Knitting Paradise® - Knitting and Crochet Forum
Home | Knitting Digest | Active Topics | Search | Login | Register | Help
Why Would You Ever Want to Pay For Knitting and Crochet Patterns or Lessons When You Can Get All That for Free?
Read this:

We have some of the most skilled knitters and crocheters in the world posting patterns and techniques like you've never seen before. And some of them only post on our website and nowhere else, so you won't find these patterns anywhere else no matter how much time you spend searching! So keep reading.

Unlike other websites, we don't try to pitch specific brands of hooks or needles, yarn, or paid tutorials, while collecting sales commission.

Instead, we have other people, who are great knitters and crocheters, share with you what they know about knitting and crochet. What accessories they use, which yarn is the best for which type of project, which techniques work and which don't.

It's all completely unbiased. Our users simply have no reason to lie to you. They are people just like you.

And we provide a free platform for you and them to communicate. So you get to discover this information straight from the source, from people just like you, not from editors of some magazine or sales reps of some company.

This is what makes us different from other knitting websites out there that try to sell you something while claiming they are trying to help you.

If you are a beginner, intermediate, advanced, or a professional knitter or crocheter, then the benefits of signing up for our free weekly knitting e-mail newsletter are:

• We cover hand knitting, machine knitting, and crochet.

• Each week you'll be receiving new tips and techniques.

• Daily, you'll be receiving a knitting/crochet forum digest with the latest pictures, discussions and patterns.

• If you ever have a question or need help, you can always ask, and we'll cover your question in the following newsletter issue.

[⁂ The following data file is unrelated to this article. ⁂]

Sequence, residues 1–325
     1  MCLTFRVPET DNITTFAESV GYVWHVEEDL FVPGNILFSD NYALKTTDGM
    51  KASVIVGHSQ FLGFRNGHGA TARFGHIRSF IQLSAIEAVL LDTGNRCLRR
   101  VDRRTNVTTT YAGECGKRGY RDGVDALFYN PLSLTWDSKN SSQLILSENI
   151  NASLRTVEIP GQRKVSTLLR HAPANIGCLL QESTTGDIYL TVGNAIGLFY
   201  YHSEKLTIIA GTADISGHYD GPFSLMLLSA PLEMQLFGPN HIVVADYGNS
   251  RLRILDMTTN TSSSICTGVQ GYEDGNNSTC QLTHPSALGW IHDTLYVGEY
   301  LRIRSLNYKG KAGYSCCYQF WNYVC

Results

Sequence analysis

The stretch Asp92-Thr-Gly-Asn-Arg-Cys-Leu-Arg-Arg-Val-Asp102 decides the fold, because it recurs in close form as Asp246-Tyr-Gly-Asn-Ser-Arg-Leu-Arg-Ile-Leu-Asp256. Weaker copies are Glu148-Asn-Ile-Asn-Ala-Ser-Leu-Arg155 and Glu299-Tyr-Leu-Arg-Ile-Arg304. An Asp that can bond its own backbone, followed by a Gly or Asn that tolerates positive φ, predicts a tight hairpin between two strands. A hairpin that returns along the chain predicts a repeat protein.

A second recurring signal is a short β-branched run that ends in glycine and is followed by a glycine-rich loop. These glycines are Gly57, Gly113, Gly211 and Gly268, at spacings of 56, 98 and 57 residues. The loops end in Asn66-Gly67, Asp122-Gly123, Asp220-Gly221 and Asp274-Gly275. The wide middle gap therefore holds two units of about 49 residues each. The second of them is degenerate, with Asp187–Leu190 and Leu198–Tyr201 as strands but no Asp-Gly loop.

• Discover the fastest way to knit (and to crochet) a sock... while keeping the perfect heel and making sure the sock fits (not many knitters know this).

• Find out how to figure out how much yarn you need for a pattern if the pattern doesn't specify it (works for any project, a real life-saver sometimes).

• Learn how to pick up a dropped stitch, even from several rows below. It happens to absolutely everyone at some point. But don't worry, there exists a really simple fix.

• And if you ever run out of yarn, find out how to join any yarn in the middle of any project.

• If you can't find the pattern that you need, or if you don't know which pattern would be most appropriate for a specific project, then you can ask our other users to help you figure it out. We even have a dedicated "Pattern Requests" section on our website that's all about finding new patterns.

• The same goes for any problems and questions about specific techniques. We have experienced users who are always helping those in need with just the right advice.

Note to crocheters: We cover both knitting and crochet on our website. The name Knitting Paradise is just a matter of history of how this website was started. These days, close to 50% of content on our forum is about crochet. So it doesn't matter if you primarily knit or crochet (or if you only crochet), you'll still find just as many patterns, tips, and tutorials that are relevant to your specific interests.

• And of course, as I said it's all completely FREE!

• Let me repeat that. Since for some reason a lot of people contact us asking if the membership is really free: we are a social website for knitters and crocheters, so we don't sell anything, and we don't charge any fees. It's as simple as that.

Here is how to proceed and what to expect:

Enter your name and e-mail address below, and you'll be instantly added to our knitting and crochet mailing list distribution. You'll receive a one-time confirmation e-mail. Right after that, the first e-mail with today's digest will be forwarded to you. The signup process is completely automated, so you are just a few minutes away from discovering what our existing users already received earlier today. So you'll get up to speed right away on what's the latest on our website, without any long introductions or other delays.

First name:

E-mail address:

Going forward, the next digest will be released in just a few hours. So if you don't sign up now, you'll also miss everything covered in it too.

Yarn bowls - ceramic vs. wood
If you would like to post a reply, then please login (if you already have an account) or register (if you don't).